More than an estimated 160,000 people in the United States will die from lung cancer this year, making it the country's leading cause of cancer death. According to the National Cancer Institute, it surpassed breast cancer as the number one killer in women back in 1987. It causes more deaths than colon, breast and prostate cancer combined, according to the American Lung Association. Bruce Johnson, MD, the director of the Lowe Center for Thoracic Oncology at Dana-Farber Cancer Institute, sorts out the facts about lung cancer and offers simple ways to reduce risk.
1. Lung cancer targets more than just smokers
The greatest risk factor for lung cancer is smoking, but non-smokers can also development lung cancer. "Roughly 10 to 15 percent of lung cancer cases occur in non-smokers, and many of these patients are women," said Johnson. He added that it is important for everyone to know the symptoms of lung cancer, just not smokers, because detecting the cancer early can lead to better treatment outcomes.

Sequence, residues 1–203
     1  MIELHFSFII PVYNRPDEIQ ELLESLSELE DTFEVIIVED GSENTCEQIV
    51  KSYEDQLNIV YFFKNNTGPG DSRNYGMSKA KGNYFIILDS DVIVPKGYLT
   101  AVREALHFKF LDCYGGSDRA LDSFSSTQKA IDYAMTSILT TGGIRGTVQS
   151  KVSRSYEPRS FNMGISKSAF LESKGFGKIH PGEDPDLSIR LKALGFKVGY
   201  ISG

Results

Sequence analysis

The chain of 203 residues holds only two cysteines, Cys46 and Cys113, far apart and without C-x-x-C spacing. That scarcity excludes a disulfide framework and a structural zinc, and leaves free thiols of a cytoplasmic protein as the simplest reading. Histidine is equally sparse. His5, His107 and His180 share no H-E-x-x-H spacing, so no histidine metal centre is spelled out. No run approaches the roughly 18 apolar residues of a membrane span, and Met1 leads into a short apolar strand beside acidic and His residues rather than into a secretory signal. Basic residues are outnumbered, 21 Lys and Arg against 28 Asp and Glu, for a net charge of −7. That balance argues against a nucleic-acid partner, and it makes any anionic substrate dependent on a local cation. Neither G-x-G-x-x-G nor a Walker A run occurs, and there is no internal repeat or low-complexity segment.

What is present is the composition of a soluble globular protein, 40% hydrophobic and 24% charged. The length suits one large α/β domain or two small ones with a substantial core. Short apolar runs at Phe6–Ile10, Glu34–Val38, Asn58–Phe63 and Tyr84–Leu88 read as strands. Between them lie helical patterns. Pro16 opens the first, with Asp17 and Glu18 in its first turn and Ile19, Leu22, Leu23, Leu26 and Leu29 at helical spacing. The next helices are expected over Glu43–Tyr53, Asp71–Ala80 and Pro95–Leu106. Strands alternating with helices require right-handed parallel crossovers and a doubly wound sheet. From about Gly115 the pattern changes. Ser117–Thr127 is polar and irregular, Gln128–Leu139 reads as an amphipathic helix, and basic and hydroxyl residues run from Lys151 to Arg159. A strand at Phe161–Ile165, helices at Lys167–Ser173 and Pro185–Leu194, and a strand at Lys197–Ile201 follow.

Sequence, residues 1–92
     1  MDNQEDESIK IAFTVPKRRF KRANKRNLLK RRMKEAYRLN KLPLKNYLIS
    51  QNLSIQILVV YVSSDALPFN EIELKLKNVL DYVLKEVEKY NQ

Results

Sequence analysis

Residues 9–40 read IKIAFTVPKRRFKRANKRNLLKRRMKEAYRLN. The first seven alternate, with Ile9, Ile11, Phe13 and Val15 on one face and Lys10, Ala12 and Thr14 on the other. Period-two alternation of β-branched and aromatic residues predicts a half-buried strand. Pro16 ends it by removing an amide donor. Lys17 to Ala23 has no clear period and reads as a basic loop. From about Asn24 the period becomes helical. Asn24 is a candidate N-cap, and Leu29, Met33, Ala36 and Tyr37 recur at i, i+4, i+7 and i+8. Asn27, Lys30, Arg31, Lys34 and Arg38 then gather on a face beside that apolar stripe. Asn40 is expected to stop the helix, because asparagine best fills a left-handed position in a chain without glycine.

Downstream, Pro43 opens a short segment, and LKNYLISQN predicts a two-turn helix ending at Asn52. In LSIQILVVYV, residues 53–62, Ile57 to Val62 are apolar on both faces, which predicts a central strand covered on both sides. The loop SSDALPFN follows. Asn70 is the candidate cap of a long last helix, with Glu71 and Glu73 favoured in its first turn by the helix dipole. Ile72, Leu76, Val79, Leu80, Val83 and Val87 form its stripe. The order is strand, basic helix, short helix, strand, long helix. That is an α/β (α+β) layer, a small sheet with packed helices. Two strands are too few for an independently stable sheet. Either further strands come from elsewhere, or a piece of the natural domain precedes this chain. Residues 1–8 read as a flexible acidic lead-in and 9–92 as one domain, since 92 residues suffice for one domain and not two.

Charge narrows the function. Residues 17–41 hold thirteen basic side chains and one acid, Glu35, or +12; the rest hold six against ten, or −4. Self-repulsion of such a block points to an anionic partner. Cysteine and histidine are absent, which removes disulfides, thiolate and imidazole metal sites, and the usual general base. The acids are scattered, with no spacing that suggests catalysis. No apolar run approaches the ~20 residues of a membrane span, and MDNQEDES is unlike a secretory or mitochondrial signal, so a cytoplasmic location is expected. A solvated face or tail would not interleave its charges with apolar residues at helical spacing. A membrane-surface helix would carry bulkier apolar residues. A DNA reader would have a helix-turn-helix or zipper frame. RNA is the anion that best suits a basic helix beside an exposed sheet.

2. Know the warning signs
Overall, cancer death rates have been dropping in the U.S., but the number of cases of women with lung cancer has been on the rise. Both men and women should know the warning signs of lung cancer. They can be subtle but symptoms to be aware of include: 1. a cough that does not go away, 2. shortness of breath, 3. back and shoulder pain, and 4. coughing up blood. This could be a sign of something serious and should be discussed with a doctor.
3. CT screenings can save lives
Lung cancer can be difficult to detect and, until recently, there has not been a good screening test. But results from the National Lung Screening Trial suggest that screening high-risk individuals with low-dose CT scans can detect tumors at an earlier stage, resulting in improved lung cancer survival. Screening is currently recommended for people who are between the ages of 55 and 74 and who have smoked a pack a day for 30 years and quit less than 15 years ago.